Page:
The internet has been pretty a-buzz over Malcolm Gladwell’s recent article in the New Yorker. It’s called “Small Change: Why the revolution will not be tweeted” and it’s generated a lot of backlash. Gladwell’s main argument is that modern social networking – through Facebook and Twitter – won’t translate into revolutionary social activism. He points primarily to the differences between strong ties and weak ties and what type of actions each tie generates. His primary focus is the sit-ins in Greensboro in 1960 and he contrasts that to a recent online campaign to get people to register as bone marrow donors.
So far, I’ve only read a few responses. Angus Johnston provides a critique that follows the 1960s activism theme by contrasting SNCC with SDS and showing the strength of weak ties in organizing. Patrick St. John did a pretty good job of showing how effective decentralized non-hierarchical networks can be. There’s also a good article at Wired that provides some great evidence as to why weak ties are useful for organizing.
I just wanted to provide a short contemporary example that hasn’t been added to the deluge of responses. For years I’ve grown a number of weak ties with friends across the country for an idea that few others share: that a war in a far off place can end with our help. It was called The Rescue. In April of 2009, we tweeted and facebooked our way to tens of thousands of people attending events simultaneously in 100 cities. Some of my friends whom I convinced to initially show up were weak-tie friends. And when the Phoenix event closed up shop and people caravaned to Albuquerque (then Wichita, then Chicago) the weak ties kept me updated as to what was going on. Peruse the #therescue hashtag. Watch “Together We Are Free,” the film about how The Rescue played out over six days and brought 500 people to Chicago. Most of the Rescue Riders started off as weak ties and grew stronger.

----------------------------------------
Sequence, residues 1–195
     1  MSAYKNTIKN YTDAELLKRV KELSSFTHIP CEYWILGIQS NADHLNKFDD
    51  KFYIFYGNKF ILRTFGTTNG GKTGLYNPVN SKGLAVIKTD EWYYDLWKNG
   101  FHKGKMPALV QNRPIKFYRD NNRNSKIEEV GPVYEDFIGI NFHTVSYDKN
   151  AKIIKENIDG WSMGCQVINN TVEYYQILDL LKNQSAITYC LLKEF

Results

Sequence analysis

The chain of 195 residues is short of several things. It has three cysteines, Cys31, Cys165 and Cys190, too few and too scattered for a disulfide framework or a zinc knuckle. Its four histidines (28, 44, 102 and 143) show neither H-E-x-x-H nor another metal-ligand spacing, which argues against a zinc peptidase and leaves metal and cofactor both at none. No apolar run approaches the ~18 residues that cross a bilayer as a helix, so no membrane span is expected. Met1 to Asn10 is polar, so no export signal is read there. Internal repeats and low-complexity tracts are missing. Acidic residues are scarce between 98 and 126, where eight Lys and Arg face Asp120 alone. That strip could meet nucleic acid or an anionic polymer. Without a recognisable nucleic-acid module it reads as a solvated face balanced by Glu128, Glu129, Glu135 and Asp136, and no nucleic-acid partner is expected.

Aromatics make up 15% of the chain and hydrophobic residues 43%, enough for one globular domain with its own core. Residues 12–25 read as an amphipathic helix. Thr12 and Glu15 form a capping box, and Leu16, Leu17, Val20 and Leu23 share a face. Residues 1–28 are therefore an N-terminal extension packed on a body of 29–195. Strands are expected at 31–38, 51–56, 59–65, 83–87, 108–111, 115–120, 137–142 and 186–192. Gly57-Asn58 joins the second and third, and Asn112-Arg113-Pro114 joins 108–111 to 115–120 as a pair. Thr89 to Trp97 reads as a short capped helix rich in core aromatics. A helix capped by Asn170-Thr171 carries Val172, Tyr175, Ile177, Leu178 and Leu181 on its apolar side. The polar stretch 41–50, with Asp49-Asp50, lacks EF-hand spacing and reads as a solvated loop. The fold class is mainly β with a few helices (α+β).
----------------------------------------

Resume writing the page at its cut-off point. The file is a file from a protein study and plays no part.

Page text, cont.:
Now, spending a week living on parks, vans, and church gyms is one thing. Changing the world can be a bit different, I know. But the attention that peaked with the Rescue carried into something huge. A year-long local lobbying effort led by young people started off with the biggest Africa-related lobbying initiative in Washington history and culminated with the most widely co-sponsored Africa-related bill in modern legislative history. And since the LRA Disarmament and Northern Uganda Recovery Act passed, we are anxiously awaiting the Obama administration’s response.
As one of the ones who abducted himself, I say that weak ties have power.
Arizona is the product of the progressive era. As a result of the bipartisan wave of people asking for a more democratic democracy, Arizona’s constitution has all sorts of “by the people” parts to it. The initiative, referendum, and recall are all pretty basic parts of Arizona’s law. The initiative is the ability of people to petition for amendments and the referendum is the ability for legislators to bring up proposals that voters must approve. As for recall, Arizona was actually denied statehood until the territory took the ability to vote to recall judges out of the constitution – but in the state’s first election it was reinstated.